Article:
Irish Brothers’ Startup Makes 3D Printers Fed By Office Paper
Irish brothers Conor and Fintan MacCormack were into 3D printing before it was cool.
In fact, Conor first discovered the concept in 1986, when he was in secondary school, watching a BBC television special. The technology hooked the 16-year-old right away, just like motorcycles, rocket ships, and computers already had. He was in awe watching the 3D printer create something layer by layer, translating a computer design into a physical object.
“Seeing this print really opened my eyes to the possibilities,” Conor says. “It definitely inspired me.”
Years later, Conor and his older brother started kicking around the idea of building their own 3D printer that was better than what was on the market. It was Christmas of 2002. Electrical engineer Fintan was visiting friends and family in Ireland while on vacation from his job with a semiconductor parts manufacturer in Philadelphia. Conor, a mechanical engineer living in Dublin, was working on a project for Airbus at the time. Both had experience with computer-aided design and prototyping.
Their idea? A 3D printer that makes objects out of standard office paper, rather than plastic or metal.
Fast forward to today, and the brothers (along with Conor’s wife, Deirdre) are running one of the more intriguing companies in the 3D printing space. Mcor Technologies—based in Dunleer, Ireland, 38 miles north of Dublin—has grown to about 50 employees, according to Conor, who is CEO. That includes additional operations in the U.K., Boston, Atlanta, and San Jose, CA. The company says sales of its two 3D printer models grew 190 percent between July 2013 and July 2014, though it declines to say what those sales were or if it is profitable. Meanwhile, to fuel its growth, it has pulled in more than $14 million (11 million euros) from investors in Ireland, the U.S., and other parts of Europe, including $12 million (9.4 million euros) this past June.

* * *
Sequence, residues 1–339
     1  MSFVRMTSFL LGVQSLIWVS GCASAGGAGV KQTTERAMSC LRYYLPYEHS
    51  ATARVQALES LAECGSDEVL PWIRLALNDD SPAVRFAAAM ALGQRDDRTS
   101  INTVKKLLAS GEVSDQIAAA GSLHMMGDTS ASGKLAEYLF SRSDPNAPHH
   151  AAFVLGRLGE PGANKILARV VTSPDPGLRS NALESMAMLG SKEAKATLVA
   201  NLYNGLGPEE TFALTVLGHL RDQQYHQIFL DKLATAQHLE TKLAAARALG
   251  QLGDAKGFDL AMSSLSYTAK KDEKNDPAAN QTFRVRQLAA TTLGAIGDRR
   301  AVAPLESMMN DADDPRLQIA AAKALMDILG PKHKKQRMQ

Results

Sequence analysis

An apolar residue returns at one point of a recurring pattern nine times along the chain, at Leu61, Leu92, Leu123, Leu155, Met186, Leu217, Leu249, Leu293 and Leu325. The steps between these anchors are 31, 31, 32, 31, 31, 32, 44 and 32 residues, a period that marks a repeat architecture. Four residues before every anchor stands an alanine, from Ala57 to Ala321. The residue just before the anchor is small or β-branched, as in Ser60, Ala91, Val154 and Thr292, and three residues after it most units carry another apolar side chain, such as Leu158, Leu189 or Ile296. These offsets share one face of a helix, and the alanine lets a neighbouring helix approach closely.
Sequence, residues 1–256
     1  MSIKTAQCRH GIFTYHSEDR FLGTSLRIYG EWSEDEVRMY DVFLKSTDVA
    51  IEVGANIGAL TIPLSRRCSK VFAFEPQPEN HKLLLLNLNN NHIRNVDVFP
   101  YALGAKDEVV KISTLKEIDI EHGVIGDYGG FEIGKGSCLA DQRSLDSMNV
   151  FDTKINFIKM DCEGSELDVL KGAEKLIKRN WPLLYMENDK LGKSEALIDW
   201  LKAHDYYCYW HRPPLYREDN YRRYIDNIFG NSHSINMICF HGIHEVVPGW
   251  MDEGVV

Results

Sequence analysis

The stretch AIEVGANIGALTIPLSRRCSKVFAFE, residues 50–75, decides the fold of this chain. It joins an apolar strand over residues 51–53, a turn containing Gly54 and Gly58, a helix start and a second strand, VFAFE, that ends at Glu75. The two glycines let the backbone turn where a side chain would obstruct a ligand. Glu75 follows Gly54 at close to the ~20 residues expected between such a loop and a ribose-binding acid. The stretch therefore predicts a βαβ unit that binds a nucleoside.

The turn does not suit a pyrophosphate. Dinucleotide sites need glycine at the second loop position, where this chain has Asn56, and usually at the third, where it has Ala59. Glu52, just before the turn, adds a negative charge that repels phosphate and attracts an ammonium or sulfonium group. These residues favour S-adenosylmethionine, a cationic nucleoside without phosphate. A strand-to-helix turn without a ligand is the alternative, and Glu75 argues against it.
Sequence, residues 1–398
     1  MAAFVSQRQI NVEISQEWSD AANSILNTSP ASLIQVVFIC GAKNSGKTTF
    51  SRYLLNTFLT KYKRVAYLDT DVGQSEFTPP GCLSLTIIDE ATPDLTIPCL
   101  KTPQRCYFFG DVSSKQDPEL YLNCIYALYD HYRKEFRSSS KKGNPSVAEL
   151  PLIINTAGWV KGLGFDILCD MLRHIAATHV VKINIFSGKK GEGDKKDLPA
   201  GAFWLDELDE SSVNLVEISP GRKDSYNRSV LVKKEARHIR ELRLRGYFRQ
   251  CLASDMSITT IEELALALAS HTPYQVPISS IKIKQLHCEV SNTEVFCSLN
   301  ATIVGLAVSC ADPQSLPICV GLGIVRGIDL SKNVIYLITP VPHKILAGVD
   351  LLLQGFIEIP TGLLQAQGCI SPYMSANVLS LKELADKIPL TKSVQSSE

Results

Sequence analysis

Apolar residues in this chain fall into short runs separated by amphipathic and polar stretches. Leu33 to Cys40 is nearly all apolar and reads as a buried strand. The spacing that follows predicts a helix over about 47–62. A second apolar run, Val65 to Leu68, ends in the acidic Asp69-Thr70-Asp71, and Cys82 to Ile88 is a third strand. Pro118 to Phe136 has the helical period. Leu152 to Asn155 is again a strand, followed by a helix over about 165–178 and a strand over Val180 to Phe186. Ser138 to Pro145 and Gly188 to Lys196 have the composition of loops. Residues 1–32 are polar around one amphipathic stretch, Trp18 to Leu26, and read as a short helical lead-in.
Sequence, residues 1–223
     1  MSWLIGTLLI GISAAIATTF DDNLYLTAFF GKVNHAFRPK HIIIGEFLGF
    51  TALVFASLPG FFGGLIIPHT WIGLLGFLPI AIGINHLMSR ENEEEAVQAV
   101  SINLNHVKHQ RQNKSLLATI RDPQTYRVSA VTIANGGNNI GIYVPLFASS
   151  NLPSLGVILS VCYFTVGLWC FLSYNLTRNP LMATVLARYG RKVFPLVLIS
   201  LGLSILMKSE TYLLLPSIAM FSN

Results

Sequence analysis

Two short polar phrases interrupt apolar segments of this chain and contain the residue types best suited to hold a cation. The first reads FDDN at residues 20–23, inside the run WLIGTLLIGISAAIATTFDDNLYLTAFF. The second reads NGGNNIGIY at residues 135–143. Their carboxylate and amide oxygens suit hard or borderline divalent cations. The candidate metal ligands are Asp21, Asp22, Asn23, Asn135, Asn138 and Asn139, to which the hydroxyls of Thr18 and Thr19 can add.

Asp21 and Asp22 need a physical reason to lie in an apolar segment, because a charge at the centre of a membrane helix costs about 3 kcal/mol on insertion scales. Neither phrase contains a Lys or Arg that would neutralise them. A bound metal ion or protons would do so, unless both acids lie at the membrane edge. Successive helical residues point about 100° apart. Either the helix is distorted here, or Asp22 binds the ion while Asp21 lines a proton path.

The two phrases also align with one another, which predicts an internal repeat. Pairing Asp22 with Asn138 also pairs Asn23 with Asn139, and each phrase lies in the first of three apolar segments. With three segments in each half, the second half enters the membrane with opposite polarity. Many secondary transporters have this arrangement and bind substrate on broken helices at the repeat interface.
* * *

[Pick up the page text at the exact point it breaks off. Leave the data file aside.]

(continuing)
The new funding, Conor says, will help Mcor in its quest to bring 3D printing technology “to the masses.”
Back when the MacCormack brothers shared their epiphany during Christmas of 2002, the whole 3D printing industry was only selling about 2,000 to 3,000 units worldwide each year, Conor estimates. This was before companies like Makerbot Industries, which was acquired last year by Stratasys (NASDAQ: SSYS), made it big and 3D printing reached the levels of hype (some say over-hype) it enjoys today, with bold predictions about how it could transform everything from manufacturing to healthcare.
“Everybody you would talk to about it at the time was just completely blown away” by the technology, Conor says of those 2002 days.
The problem was, the machines were still quite expensive. Even though retail prices were starting to come down, materials costs were rising. When Conor was earning his mechanical engineering doctorate from Trinity College in Dublin, for example, only one or two students were allowed to print a model each year because the materials were so expensive.
The brothers believed they could build a lower-cost 3D printer “purely on a technical basis,” Conor says. They initially set their sights on designing one that would cost 20,000 euros (or about $25,500), roughly a fifth the retail price of most machines at the time, he says. But perhaps more importantly, they wanted to create a 3D printer with virtually zero materials costs.
“What is the cheapest, most accessible material around? Paper,” Conor says. Using paper as the building block, he envisions a 3D printer in every school in the world so the next generation is “empowered to make things for themselves and, in turn, design better machines for the future.
“There is no reason why 3D printing should not be as mainstream as 2D printing,” he says.
Getting Mcor as far as it is today wasn’t easy, though, and it certainly wasn’t top of mind for … Next Page »
Jeff Engel is a senior editor at Xconomy. Email: firstname.lastname@example.org